MARK Drakeford has moved to clarify Wales' coronavirus vaccination progress amid concern thousands of doses were sitting unused.

The first minister faced several questions on the matter in the Senedd on Tuesday afternoon, following claims Wales was falling behind the rest of the UK in its efforts to vaccinate the public against Covid-19.

Opposition leader Paul Davies said it had been confirmed Wales had received 280,000 doses of the Pfizer BioNTech jab and 47,000 doses of the Oxford/AstraZeneca jab – but "only around 91,000 doses have been administered" in Wales (as of Tuesday).

Mr Drakeford said the vaccination programme was "a sustained effort" rather than something that could be "done with in a few days or a week".

He said the the Welsh Government was "using every bit" of the Oxford vaccine – which can be stored and preserved more easily than the Pfizer jab – "as soon as we get it".


The latest figures show 101,000 people in Wales had been vaccinated, as of today (Wednesday).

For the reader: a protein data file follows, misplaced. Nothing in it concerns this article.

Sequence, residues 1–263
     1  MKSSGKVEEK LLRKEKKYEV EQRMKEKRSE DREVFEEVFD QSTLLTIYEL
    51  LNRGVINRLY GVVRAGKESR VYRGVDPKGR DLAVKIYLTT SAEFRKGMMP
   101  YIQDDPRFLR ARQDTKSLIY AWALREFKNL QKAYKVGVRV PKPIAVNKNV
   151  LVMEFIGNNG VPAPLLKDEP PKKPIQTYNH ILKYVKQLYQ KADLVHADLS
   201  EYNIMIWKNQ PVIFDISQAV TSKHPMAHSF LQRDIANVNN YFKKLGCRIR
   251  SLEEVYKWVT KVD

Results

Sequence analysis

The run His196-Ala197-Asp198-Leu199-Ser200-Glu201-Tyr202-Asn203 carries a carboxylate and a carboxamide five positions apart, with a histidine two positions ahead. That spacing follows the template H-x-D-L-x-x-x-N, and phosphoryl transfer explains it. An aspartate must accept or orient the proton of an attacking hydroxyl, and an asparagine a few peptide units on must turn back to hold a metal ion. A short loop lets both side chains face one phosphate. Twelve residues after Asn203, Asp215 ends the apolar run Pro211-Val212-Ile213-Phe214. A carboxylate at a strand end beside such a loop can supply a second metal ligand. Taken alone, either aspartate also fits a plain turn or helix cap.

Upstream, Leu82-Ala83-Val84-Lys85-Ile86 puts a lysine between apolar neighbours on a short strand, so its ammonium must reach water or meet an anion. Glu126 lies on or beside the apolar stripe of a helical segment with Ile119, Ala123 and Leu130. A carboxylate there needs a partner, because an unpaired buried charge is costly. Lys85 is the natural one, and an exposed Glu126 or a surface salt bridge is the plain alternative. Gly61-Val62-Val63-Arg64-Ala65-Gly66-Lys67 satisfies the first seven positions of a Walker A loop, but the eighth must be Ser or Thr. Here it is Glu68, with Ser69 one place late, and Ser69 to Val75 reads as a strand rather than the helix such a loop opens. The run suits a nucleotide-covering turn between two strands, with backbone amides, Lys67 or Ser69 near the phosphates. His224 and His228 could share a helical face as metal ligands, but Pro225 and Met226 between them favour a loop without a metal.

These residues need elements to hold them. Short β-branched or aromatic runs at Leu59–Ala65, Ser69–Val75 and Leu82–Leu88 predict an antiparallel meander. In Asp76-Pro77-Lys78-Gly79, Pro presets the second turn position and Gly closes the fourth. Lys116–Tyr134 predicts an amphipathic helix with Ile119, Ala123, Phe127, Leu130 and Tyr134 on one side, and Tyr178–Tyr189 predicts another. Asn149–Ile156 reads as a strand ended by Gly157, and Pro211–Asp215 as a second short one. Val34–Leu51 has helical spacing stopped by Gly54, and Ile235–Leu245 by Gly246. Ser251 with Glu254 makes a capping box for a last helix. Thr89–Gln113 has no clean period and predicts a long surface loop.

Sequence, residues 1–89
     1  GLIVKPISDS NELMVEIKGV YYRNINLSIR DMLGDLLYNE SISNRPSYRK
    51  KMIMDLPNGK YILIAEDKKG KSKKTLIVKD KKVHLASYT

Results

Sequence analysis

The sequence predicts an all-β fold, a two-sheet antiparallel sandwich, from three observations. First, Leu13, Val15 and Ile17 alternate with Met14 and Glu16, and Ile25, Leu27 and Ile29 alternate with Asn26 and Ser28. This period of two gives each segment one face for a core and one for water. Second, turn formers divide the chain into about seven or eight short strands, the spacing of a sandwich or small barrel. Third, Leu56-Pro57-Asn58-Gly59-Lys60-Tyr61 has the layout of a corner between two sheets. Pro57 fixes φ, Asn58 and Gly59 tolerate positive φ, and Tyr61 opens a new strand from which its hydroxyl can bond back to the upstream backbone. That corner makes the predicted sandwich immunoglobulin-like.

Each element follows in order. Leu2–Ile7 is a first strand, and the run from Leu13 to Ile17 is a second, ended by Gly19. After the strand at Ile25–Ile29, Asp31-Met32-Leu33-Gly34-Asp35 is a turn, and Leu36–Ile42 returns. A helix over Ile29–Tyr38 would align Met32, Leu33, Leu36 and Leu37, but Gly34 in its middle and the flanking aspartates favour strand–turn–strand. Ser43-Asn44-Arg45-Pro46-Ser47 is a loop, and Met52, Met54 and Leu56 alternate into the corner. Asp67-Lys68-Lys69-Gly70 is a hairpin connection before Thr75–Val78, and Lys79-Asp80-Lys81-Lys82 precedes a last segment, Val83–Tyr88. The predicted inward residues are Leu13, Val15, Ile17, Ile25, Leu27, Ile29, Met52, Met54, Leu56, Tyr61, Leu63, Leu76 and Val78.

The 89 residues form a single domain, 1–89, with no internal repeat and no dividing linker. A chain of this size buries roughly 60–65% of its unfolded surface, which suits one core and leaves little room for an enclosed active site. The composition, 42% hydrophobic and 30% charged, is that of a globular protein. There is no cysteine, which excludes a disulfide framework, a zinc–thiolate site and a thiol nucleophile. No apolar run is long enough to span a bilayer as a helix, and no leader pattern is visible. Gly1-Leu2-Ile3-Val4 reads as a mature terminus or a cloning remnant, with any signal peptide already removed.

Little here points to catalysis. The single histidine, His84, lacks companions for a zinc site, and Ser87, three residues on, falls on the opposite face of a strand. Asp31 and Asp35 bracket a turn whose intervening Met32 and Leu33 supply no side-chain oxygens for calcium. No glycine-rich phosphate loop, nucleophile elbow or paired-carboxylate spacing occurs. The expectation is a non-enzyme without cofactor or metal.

The Welsh Government was expecting a further 25,000 Oxford jab doses this week, followed by 80,000 next week, Mr Drakeford told the Senedd.

But the rollout of the Pfizer vaccine, the first minister said, would be done gradually.

"[The stocks of Pfizer vaccines] have to last us until the end of the first week of February," Mr Drakeford told Mr Davies. "They're not given to us to use in a few days; that is the supply Wales has for the whole of January and the first week of February as well. And that's why it would never have been a sensible proposition to have suggested that we should have used the whole of that supply in the first few days.

"That supply has to be evened out over the weeks for which it is available, so that we have vaccinators with work to do in every week able to make the very most of that supply."

Angela Burns asked why health boards hadn't been given powers to obtain licences for buying and distributing vaccines and transferring the doses straight to GPs.

Mr Drakeford said Wales had avoided this type of ordering process "to ensure fairness".

"If we simply allowed GPs to be in a free-for-all for ordering it, there might not be any vaccine in Pembrokeshire at all, because it would have been collared by GPs who just got quicker on the line and got it elsewhere," he said. "So, our ordering process is designed to make sure that there is vaccine available in every part of Wales, and as we bring them on stream, to every practice."